That’s the take from Civitas:
[…W]hile [Joan] Perry has won the headlines this week, there is evidence that [Greg] Murphy is quietly winning the vote. Through the first two days of early (one stop absentee) voting, turnout in Pitt County has far outpaced that of other large counties in the district. The 579 votes from Pitt more than double the amount from the next highest county (Craven, with 262).
That is well out of proportion to the total votes in the first Republican primary. In the first primary 14.7 percent of all votes cast (6,243 votes) were from Pitt County. The other three largest counties were Onslow with 18.7 percent of all votes cast, Carteret with 15.8 percent, and Craven with 14.9 percent. So far in the second primary, 27.8 percent of all votes cast have been from Pitt County comparted to 9.9 percent from Onslow, 9.1 percent from Carteret and 12.6 percent from Craven.
[…] Pitt County (which is only partially in the Third Congressional District) is home to Murphy’s NC House district and he easily won in the county in the first primary with a 68.9 percent share of the vote. As an established political force in Pitt county, he would have a well-developed list of volunteers and supporters there, so this early surge in the county is likely due at least in part to a strong get-out-the-vote effort by his campaign.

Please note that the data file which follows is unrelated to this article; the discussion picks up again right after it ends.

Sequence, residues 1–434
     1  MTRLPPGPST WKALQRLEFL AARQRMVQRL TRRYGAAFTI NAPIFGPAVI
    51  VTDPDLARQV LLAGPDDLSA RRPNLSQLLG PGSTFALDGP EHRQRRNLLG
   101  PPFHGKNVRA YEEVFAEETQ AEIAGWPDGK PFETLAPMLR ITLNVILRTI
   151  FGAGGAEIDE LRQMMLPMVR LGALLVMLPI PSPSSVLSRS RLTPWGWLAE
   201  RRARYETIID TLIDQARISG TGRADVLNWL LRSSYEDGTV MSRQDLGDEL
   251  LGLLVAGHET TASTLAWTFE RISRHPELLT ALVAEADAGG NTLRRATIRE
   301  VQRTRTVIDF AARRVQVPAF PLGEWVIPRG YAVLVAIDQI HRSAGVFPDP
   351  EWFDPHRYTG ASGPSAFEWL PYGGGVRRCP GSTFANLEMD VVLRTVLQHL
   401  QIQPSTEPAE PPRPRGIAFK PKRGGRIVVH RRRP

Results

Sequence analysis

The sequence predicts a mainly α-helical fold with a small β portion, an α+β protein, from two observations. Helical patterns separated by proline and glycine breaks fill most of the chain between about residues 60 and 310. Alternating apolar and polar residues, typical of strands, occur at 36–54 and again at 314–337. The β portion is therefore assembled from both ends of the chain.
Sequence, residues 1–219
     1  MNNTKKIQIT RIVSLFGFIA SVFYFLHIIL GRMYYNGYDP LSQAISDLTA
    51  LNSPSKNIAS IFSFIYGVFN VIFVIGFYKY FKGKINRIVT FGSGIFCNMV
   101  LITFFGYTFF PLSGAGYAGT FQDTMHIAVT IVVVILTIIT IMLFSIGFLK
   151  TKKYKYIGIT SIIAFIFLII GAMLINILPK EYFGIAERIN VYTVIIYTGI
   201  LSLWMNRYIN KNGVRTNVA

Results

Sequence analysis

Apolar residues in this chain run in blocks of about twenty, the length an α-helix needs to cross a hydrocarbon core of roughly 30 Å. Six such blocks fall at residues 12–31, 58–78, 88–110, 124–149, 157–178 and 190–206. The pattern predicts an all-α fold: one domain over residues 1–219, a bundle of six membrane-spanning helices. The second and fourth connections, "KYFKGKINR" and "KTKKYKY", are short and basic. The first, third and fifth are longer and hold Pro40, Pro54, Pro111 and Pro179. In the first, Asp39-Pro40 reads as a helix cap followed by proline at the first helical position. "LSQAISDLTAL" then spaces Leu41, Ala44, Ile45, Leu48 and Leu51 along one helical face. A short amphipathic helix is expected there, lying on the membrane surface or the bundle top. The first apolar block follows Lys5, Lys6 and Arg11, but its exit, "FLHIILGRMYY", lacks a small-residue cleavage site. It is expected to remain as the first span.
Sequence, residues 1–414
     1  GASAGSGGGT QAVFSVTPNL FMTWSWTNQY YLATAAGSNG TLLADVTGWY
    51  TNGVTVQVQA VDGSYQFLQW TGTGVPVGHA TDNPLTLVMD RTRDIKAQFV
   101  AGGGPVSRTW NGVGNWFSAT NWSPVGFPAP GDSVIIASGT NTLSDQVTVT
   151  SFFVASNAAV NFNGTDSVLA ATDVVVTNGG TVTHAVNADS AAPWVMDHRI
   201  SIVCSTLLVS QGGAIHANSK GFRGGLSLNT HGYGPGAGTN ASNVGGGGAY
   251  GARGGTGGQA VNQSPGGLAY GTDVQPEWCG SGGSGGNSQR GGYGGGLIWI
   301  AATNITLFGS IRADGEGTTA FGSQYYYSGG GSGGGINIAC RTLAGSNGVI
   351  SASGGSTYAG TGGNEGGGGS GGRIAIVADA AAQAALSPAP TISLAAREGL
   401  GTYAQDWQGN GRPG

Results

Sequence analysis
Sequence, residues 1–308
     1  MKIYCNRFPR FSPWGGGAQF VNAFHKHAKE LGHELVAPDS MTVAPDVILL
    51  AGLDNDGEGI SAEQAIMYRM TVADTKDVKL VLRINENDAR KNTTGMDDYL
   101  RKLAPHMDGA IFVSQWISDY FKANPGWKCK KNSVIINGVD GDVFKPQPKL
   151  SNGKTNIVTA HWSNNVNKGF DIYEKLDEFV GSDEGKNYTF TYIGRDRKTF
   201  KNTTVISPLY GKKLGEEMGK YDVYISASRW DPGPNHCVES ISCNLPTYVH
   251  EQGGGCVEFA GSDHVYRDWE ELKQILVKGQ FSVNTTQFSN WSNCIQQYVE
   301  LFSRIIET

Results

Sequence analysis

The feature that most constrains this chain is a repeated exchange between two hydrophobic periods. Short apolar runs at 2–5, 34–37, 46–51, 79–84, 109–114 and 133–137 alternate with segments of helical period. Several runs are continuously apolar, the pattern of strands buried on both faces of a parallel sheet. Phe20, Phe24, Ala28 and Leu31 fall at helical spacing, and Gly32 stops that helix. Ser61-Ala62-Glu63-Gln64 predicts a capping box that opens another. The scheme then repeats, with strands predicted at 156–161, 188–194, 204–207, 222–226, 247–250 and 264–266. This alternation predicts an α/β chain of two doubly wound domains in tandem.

Murphy will have a large advantage if his campaign can maintain the turnout advantage from his home base over the course of the second primary. Even if the turnout gap closes, this early surge in Pitt will free resources the Murphy campaign can use in other areas instead of working on turning out his base. This is precisely the kind of advantage campaigns try to get during early voting.[…]